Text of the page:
Above is an artist’s rendition of the proposed Rockhouse Grille and Cabanas at John’s Pass in Treasure Island.
TREASURE ISLAND – The city of Treasure Island’s Planning and Zoning Board put off a decision on a request for a special exception April 21 involving the expansion of Gators Café and Saloon.
The board put off until its May meeting a decision, pending a traffic study and an environmental impact report.
Rice Family Holdings LLP is seeking to expand the business across Gulf Boulevard onto a 1.2-acre site it currently owns. The special exception is for a proposed beachfront restaurant, grill and bar called Rockhouse Grille and Cabanas within the current resort facilities high land use district.
The Rice family wants to build a two-story, 4,935-square-foot beachfront bar and sit-down restaurant, a 3 1/2-foot deep wading pool and deck, a children’s spray-ground, 17 10-foot-by-10-foot cabanas on the site, which fronts the public beach.
Following discussion of the project by residents and the board, vice chairman Christopher Sierra suggested the traffic study and environmental report.
“The Planning and Zoning Board is considering this very seriously and I’m glad they’re doing that,” said Gator’s owner Sid Rice. “As far as safety, we’re 100 percent for that. As far as the environment, we’re 100 percent for that too. We’re willing to comply with any reasonable requests.”
The bulk of the concern is over 45 planned parking spaces and automobile traffic entering and exiting the site. Architect Jack Bodziak is proposing traffic enter the facility northbound on Sunshine Lane and exit onto southbound Gulf Boulevard.
Therein lies the problem, many residents and board members believe. Some say the situation is an accident waiting to happen.
“No way this project is going to be able to handle the traffic,” said Sunshine Beach resident Nick Goldberg. “This is just a nightmare. Just stand down there and see for yourself. This is a bad deal.”
“Somebody’s going to get killed,” said board member Leonard Mewhinney. “This is an extreme traffic hazard. Initially, I thought this was great but a very difficult way to get onto Gulf Boulevard with traffic coming down a very fast bridge.”
Board member Daniel Helton suggested all parking, except handicapped parking spaces, be on the Gator’s property east of Gulf Boulevard and all pedestrian traffic being allowed only under the bridge to the Rockhouse site.
“Whatever parking they lose should be used for additional (sound) buffering,” Helton said.
Former Planning and Zoning Board chairwoman Heidi Horak said the site is very close to preservation lands where two endangered species – the brown pelican and beach mouse – exist.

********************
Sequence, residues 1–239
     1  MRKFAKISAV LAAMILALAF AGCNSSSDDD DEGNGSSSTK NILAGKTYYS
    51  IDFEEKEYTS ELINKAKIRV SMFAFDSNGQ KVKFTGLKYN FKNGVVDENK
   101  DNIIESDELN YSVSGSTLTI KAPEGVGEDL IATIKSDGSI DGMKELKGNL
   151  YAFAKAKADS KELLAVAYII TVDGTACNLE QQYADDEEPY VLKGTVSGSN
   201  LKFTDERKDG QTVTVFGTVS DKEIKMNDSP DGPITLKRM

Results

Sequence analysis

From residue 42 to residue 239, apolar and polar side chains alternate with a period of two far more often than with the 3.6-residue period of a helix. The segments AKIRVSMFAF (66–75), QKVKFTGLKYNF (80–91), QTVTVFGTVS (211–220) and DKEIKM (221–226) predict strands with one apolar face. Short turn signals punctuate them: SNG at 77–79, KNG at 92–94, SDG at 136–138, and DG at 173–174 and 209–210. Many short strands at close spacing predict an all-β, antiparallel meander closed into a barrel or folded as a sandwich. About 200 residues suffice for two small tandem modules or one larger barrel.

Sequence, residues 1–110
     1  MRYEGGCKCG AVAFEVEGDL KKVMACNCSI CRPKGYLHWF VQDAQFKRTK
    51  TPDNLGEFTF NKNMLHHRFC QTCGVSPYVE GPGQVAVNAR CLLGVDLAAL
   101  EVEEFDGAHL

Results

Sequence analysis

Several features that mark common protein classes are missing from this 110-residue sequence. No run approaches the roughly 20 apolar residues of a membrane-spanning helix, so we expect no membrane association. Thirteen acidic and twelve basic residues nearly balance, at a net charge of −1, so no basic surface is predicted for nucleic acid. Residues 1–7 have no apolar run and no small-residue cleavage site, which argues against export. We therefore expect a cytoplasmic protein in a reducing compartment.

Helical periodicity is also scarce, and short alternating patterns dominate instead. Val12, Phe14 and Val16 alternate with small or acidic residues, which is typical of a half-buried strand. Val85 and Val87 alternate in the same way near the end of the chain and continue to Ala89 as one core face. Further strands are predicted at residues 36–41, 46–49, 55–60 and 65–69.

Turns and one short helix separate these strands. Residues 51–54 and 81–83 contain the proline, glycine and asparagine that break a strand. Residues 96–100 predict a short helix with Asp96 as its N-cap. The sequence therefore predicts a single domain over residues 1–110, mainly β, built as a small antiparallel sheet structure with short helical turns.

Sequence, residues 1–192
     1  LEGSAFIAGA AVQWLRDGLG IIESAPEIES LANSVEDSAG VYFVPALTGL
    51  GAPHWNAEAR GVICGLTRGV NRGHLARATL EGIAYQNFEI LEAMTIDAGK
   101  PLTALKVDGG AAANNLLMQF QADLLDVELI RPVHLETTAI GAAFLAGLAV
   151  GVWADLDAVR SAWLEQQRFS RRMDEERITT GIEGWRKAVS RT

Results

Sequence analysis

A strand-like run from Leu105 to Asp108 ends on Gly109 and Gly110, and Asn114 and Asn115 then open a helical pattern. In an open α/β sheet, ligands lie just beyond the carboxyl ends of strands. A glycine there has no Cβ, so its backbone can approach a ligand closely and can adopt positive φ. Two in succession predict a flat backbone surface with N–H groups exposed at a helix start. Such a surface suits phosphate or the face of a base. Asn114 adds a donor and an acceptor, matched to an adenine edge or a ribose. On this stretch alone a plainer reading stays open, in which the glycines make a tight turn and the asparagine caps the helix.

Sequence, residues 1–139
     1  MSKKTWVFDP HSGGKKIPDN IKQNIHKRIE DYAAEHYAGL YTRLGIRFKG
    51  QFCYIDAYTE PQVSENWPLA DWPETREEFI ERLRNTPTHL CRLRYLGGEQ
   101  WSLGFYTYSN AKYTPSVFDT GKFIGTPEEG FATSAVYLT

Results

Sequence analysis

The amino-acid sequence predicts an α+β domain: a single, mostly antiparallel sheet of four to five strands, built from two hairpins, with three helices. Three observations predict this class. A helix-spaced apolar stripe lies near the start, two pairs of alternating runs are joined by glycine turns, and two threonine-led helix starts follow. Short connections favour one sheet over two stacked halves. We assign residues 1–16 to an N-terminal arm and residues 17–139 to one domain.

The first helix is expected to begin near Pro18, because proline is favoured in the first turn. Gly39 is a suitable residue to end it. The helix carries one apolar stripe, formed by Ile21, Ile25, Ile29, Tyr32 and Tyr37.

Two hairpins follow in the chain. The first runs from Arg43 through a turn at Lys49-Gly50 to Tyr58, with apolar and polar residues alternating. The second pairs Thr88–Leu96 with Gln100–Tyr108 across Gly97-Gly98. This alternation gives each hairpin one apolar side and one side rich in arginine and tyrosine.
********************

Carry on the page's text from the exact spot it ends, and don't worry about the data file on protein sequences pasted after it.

“To say there will be no impact on that preservation area, I don’t believe is correct,” Horak said. “Solid waste has not been discussed. These are two areas that haven’t been accurately addressed. Perhaps a dune system or a better system for waste collection is in order.”
The project would be a major boon to the city, which stands to get an estimated $800,000 more in property tax revenue each year.
“As a resident of Treasure Island, I would hate to see a $15 million project like this go down the drain and the ensuing revenue for the city,” said Dominique Reiter, former executive director of the Treasure Island Chamber of Commerce.
Rick Woods, representing the Citizens Alliance of Sunshine Beach, said approval of the project would result in Sunshine Beach becoming another Sunset Beach.
“We’re just going to attract the same ruckus as Sunset Beach,” said Woods. “It’s wrong to take everything that’s gone on at Sunset Beach and move it up to Sunshine Beach.”
Despite all the concerns, board member Mitchell Shenkmon said the project should move forward.
“If there’s any issue, I believe the ownership will be willing to provide cures,” he said. “We should take this under consideration because this property is part of Treasure Island’s future.”
Shenkmon said alternatives to the parking/traffic issue could be valet parking or all vehicles parking across the street where 450 spaces are planned.
“I think there are solutions to all problems,” he said.
In addition to the 1.2 acres where the Rockhouse Grille is proposed, Rice also plans to redevelop eight acres on the east side of Gulf Boulevard and refurbish all existing structures. Plans include a rebuilt marina and a walkway around the area from Gator’s to the marina.
Rice said the first phase of the project west of Gulf Boulevard would cost about $15 million and the second phase on the east side “much more.” He said he hopes to begin construction immediately following approval.
“Also,” Rice said, “there’s a rumor that Rice Family Holdings will sell the (Rockhouse) property to someone else once (the special exception) is approved and that’s not the case. We’re moving forward because it needs to be redeveloped. We want to get rid of the blight.”